Time, Memory, Consciousness and the Cinema Experience

Revisiting Ideas on Matter and Spirit


Martha Blassnigg

In this book cinema spectators are presented as ‘observing participants’, that is, agents who take part in their own perceptual processes. It takes experience into the centre of its investigation to propose the spectators’ active participation. It applies this to understanding cinema, from its outset, as a philosophical dispositif. To this end, the book explores crucial interconnections between the various constituencies that shaped moving image technologies and their reception at the nexus of science, art and popular culture at the end of the 19th century and some of the prevailing concerns about time, movement, memory and consciousness. It discusses in particular the interrelations between the works by the philosopher Henri Bergson, the physiologist Étienne-Jules Marey and the art-historian Aby Warburg’s intervention with the Mnemosyne Atlas. Bergson’s main themes germane to these concerns are discussed in detail in order to show how, during the perceptual processes, the seemingly contradictory tendencies of the mind — intellect and intuition — can help us understand the so-called ‘spiritual’ dimension of the emerging cinema from the perspective of the spectators’ cognitive engagement. This perspective invites us to include the experiential qualities of mental processes, such as the interaction between affect, thought and action and the interrelation between memory, perception and consciousness in the study of audio-visual media and elsewhere.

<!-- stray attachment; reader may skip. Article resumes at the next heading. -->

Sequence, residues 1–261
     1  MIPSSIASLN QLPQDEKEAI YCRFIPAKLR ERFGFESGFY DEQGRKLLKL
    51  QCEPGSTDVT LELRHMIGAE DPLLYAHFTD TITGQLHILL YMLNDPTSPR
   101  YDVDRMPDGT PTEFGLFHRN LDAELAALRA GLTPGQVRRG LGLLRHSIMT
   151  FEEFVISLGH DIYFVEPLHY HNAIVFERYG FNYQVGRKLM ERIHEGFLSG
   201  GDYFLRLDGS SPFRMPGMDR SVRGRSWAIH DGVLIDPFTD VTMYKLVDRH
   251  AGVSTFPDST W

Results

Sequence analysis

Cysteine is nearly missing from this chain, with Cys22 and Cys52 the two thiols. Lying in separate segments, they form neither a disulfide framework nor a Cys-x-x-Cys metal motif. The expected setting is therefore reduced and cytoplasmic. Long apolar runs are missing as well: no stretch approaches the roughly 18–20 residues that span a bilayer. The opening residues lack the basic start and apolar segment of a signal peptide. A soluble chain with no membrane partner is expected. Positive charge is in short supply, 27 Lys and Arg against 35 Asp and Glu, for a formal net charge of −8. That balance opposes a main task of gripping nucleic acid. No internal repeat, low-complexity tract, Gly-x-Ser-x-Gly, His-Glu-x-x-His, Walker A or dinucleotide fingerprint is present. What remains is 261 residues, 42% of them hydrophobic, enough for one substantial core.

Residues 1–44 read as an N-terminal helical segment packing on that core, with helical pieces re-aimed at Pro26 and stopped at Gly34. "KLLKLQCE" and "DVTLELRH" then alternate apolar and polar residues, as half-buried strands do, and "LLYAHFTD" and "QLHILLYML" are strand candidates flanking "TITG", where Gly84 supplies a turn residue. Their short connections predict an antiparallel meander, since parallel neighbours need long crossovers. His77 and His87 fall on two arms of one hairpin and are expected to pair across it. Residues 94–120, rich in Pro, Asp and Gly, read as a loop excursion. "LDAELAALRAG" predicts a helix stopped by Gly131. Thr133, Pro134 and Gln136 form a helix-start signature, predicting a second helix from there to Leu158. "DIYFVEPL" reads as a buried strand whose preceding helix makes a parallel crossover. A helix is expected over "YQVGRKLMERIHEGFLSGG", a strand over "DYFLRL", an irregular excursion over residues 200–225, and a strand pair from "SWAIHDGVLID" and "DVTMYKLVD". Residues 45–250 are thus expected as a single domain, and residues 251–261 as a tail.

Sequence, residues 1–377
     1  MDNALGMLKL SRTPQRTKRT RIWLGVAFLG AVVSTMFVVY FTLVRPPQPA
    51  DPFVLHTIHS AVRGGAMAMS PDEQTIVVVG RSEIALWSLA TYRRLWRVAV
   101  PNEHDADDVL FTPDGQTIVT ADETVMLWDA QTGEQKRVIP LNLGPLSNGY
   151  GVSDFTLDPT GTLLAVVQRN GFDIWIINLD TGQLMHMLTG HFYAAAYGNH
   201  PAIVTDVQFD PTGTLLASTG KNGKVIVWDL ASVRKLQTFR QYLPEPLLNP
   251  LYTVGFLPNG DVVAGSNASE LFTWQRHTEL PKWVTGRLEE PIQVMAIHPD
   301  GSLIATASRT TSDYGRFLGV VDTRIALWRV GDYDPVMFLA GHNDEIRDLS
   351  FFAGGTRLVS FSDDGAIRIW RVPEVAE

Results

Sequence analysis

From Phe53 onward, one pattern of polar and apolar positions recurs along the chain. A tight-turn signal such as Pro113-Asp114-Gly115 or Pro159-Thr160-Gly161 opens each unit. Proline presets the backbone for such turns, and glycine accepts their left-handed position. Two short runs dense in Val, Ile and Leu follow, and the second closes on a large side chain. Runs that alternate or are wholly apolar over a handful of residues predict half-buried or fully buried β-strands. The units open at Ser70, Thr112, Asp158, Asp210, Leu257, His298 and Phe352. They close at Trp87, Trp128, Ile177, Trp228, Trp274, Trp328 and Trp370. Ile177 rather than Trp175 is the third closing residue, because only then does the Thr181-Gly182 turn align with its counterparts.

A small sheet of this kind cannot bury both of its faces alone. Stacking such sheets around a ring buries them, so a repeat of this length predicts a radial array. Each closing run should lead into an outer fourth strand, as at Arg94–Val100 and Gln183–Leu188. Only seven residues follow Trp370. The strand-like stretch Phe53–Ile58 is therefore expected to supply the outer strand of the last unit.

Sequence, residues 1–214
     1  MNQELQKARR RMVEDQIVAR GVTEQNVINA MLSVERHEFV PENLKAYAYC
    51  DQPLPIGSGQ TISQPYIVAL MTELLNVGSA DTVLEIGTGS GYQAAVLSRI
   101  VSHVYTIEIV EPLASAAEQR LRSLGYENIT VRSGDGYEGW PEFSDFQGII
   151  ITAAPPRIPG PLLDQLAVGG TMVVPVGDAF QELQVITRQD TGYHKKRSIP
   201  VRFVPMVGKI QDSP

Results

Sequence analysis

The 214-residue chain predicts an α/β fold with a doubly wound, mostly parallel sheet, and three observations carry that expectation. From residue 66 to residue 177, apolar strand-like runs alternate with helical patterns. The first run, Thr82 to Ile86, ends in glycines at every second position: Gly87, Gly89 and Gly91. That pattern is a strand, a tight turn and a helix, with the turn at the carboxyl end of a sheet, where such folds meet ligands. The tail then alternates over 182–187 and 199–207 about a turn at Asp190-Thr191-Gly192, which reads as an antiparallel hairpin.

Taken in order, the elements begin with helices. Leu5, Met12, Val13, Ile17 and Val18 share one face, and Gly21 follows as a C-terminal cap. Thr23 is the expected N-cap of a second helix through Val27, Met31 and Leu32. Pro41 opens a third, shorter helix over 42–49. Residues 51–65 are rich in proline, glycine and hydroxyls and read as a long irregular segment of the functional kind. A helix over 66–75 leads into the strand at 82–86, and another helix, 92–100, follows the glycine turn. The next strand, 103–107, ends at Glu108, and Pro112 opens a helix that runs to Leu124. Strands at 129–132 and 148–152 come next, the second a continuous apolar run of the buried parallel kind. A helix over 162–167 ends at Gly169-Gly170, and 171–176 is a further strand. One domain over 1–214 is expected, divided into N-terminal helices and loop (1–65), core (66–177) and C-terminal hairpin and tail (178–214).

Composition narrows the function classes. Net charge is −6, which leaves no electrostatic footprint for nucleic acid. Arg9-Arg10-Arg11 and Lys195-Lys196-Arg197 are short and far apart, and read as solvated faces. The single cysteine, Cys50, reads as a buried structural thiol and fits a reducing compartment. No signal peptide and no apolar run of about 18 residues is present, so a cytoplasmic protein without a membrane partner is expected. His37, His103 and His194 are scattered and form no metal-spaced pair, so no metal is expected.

Vasily Sesemann

Experience, Formalism, and the Question of Being


Thorsten Botz-Bornstein

Born in Vyborg in 1884 by parents of German descent, Vasily (Wilhelm) Sesemann grew up and studied in St. Petersburg. A close friend of Viktor Zhirmunsky and Lev P. Karsavin, Sesemann taught from the early 1920s until his death in 1963 at the universities of Kaunas and Vilnius in Lithuania (interrupted only by his internment in a Siberian labor camp from 1950 to 1956).
Botz-Bornstein’s study takes up Sesemann’s idea of experience as a dynamic, constantly self-reflective, ungraspable phenomenon that cannot be objectified. Through various studies, the author shows how Sesemann develops an outstanding idea of experience by reflecting it against empathy, Erkenntnistheorie (theory of knowledge), Formalism, Neo-Kantianism, Freudian psychoanalysis, and Bergson’s philosophy. Sesemann’s thought establishes a link between Formalist thoughts about dynamics and a concept of Being reminiscent of Heidegger.
The book contains also translations of two essays by Sesemann as well as of an essay by Karsavin.